Augmented reality is arguably the next big thing for its potential to replace the smartphone and change how people interact with technology. Across the industry, all efforts are currently phone-based with Google’s approach focused on Lens, Maps, and ARCore. However, a new report today shines further light on the situation — suggesting those efforts are largely the extent of the company’s AR ambitions at the possible expense of hardware glasses.
The Information today published a history of Google’s AR efforts, and revealed the lack of a known future roadmap for the glasses form factor. In 2015, Google — like the rest of the industry — believed that virtual reality was the future, and placed company veteran Clay Bavor in charge of those efforts. Previously in charge of Gmail and other productivity apps, he consolidated efforts, set out on phone-based Daydream, and began working on a “premium Google VR headset, code-named Dawn.”
That VR focus blindsided the company to Apple’s work on ARKit, which brought augmented reality apps to iPhones and iPads. Despite initially wanting to remain focussed on virtual reality, “Google executives demanded a response” that led to Google’s ARCore for Android in early 2018. According to The Information, that push for a competing offering “left some employees exhausted and questioning Bavor’s vision and why he hadn’t acted sooner.”
At the moment, Google’s AR efforts are primarily focussed on Lens visual search with 500 out of Bavor’s 680 employees working on it. ARCore continues to get new features that emphasize Google’s machine learning prowess, while Google Maps has flashy AR navigation with Live View.
In terms of VR, Google has drastically pulled back with the phone-based Daydream View no longer sold, while Cardboard has been open-sourced. That said, today’s report claims that “Bavor didn’t officially cancel the premium VR headset and Daydream platform.” Namely, standalone Daydream with the sold Lenovo Mirage Solo is still around as mostly a developer platform for AR prototyping.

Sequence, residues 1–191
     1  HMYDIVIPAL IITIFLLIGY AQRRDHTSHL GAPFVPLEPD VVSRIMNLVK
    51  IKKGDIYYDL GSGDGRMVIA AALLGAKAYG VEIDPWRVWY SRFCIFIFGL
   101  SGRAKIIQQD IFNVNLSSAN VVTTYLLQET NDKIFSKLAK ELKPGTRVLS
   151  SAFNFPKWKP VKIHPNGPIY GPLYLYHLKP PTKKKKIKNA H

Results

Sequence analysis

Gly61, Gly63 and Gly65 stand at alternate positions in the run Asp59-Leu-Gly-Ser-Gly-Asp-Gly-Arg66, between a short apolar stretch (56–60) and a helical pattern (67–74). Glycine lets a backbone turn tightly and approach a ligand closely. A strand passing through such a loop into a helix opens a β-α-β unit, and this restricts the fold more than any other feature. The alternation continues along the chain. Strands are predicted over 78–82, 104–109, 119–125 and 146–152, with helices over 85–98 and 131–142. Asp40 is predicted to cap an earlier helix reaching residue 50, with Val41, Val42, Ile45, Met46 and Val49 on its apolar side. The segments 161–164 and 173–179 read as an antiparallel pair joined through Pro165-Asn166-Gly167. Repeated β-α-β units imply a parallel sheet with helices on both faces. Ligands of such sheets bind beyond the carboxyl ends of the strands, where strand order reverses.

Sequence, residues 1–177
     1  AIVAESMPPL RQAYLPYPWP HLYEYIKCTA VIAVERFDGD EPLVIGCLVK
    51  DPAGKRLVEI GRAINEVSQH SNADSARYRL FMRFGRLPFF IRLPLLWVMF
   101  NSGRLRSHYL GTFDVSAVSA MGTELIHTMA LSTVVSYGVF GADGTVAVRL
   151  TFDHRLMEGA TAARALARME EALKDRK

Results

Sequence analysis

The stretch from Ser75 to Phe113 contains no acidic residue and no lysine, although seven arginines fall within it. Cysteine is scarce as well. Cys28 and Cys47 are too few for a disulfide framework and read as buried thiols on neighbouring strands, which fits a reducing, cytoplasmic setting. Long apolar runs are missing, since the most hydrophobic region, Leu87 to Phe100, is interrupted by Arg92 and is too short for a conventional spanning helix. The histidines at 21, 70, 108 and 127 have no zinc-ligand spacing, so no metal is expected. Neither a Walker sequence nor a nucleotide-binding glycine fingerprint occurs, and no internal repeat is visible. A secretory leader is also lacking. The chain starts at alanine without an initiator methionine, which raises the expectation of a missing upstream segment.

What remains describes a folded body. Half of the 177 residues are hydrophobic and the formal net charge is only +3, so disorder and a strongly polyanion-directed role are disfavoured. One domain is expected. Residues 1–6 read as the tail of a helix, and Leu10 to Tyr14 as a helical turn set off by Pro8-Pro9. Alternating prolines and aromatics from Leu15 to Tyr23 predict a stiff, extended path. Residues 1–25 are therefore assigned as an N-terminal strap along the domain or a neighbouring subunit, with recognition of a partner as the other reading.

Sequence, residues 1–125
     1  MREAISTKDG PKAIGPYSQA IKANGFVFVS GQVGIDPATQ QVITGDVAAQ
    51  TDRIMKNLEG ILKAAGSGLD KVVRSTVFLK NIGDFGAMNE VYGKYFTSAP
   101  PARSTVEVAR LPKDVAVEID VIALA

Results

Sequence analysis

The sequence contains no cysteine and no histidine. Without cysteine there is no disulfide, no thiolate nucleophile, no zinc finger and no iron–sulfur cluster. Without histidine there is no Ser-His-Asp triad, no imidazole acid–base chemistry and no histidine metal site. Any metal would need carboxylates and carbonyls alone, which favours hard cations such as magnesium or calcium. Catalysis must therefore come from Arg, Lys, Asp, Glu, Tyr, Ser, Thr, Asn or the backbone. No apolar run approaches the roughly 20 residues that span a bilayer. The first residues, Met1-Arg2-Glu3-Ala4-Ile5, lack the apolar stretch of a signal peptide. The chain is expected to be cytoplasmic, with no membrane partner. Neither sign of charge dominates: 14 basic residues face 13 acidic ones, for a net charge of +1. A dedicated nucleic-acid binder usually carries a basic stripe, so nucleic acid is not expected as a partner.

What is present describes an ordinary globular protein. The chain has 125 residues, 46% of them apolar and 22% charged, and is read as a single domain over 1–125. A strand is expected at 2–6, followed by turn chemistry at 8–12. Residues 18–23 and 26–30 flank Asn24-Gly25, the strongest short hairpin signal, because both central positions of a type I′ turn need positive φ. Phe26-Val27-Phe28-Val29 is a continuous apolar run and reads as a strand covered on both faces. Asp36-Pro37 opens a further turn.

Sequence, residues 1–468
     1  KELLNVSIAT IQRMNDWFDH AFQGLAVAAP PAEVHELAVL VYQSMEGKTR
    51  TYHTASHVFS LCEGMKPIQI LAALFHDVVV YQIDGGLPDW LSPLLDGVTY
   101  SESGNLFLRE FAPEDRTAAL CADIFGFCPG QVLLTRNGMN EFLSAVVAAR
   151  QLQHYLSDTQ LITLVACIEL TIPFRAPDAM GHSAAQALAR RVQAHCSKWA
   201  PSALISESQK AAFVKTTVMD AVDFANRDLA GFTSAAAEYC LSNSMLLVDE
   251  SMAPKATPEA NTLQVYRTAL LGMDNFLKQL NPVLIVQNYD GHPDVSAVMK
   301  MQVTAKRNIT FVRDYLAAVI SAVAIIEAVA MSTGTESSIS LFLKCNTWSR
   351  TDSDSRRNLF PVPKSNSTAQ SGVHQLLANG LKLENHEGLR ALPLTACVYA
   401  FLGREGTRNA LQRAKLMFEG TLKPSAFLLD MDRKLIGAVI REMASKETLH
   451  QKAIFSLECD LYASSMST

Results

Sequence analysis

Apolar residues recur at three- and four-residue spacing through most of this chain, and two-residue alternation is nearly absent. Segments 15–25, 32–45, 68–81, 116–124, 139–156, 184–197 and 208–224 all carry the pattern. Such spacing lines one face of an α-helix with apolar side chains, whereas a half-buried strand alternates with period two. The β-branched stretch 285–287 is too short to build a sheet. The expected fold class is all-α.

Looking towards the future, The Information reports that as of mid-2019 Google does not have a “comparable” AR glasses project to those of Apple and Facebook. Speaking to former employees, many note how the company’s deliberately slow approach was shaped and scared by Glass. Last I/O, Bavor made comments saying that Google was focused on “deep R&D” for hardware and devices.
Taken with today’s report, that does seem to confirm Google’s lack of immediate consumer plans to compete with Apple or Facebook.
Google not being as committed to AR as its competitors is disappointing. According to the latest reports, Apple’s effort nears 1,000 employees and is planning to first release an AR headset in 2022, and actual glasses the year after. Meanwhile, Facebook has publicly confirmed its interest and shares a similar end goal.
Fundamentally, AR glasses require a breakthrough in display technology. The hope for Google was that it was working towards such a hardware advancement in secret, while it publicly shows off AR services. For example, it’s very clear how Google Lens and Maps navigation could be the key reason why to buy Google glasses.
Of course, Google could have something by the mid-2020s, but the lack of a start now does not inspire confidence or a set vision.
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